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 Correctly installed turbos make significant contributions to performance, fuel efficiency and emissions control, but incorrect fitting can have serious, potentially harmful consequences, including ECU conflict and major engine damage. Turbochargers now entering the Aftermarket are extremely complex and require specialist skills for trouble-free installation.

Automotive turbochargers, are providing the technology auto makers need to achieve the next generation of U.S. fuel economy standards. Turbos allow manufacturers to downsize from larger engines to smaller ones which are more fuel efficient, have improved emissions and still maintain the performance characteristics American consumers want.


An exhaust gas turbocharger is essentially an air pump that utilizes the engine’s exhaust gas energy to drive a turbine wheel. The turbine wheel comes attached to a shaft, the shaft is coupled to a compressor wheel and the two wheels function in unison. Functionality is simple, the exiting exhaust gas energy induces the turbine wheel, as the turbine rotates so does the compressor wheel. Both the turbine wheel and compressor wheel have an inducer and exducer. The compressor wheel inducer and exducer function in the same manor as the turbine but in reverse order. The compressor wheel inducer takes in ambient air and the exducer pressurizes that air and forces it into the engine.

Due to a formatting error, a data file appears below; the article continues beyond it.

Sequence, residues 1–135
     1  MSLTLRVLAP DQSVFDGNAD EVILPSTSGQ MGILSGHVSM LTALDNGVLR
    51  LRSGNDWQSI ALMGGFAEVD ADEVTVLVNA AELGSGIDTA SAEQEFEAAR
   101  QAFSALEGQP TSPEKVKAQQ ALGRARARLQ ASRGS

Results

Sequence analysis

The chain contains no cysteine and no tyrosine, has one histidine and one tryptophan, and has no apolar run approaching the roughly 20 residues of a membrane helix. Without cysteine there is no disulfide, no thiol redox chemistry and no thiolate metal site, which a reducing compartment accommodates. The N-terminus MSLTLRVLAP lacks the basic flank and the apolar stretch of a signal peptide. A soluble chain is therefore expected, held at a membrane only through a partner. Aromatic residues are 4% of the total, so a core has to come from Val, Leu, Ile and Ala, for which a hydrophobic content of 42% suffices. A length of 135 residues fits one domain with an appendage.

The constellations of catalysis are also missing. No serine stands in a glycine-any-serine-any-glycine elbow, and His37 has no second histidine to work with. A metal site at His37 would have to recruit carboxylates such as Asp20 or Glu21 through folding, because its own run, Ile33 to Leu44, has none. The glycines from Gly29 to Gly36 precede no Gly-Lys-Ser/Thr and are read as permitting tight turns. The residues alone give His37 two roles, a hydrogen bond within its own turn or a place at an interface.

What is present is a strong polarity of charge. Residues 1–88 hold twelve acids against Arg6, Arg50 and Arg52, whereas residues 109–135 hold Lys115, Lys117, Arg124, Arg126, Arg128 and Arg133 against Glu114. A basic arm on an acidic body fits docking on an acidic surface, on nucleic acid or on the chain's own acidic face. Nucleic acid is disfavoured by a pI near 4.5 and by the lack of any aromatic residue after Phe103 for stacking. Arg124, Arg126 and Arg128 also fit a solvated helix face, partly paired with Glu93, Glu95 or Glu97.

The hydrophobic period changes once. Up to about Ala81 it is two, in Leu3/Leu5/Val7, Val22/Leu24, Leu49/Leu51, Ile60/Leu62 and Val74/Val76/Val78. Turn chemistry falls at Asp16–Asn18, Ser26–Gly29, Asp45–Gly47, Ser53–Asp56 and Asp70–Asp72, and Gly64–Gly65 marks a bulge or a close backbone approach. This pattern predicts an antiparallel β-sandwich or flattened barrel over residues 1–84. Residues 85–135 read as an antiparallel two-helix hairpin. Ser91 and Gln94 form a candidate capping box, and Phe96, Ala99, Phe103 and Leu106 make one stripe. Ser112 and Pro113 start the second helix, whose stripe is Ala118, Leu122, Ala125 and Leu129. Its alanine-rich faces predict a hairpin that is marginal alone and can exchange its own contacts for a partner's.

Locating the turbocharger identification number is the first step in the replacement process. The identification number is typically found on a small metal badge riveted to the compressor housing or center cartridge of the turbocharger. Its also common on late model turbochargers to find the identification number etched in the compressor housing cover.

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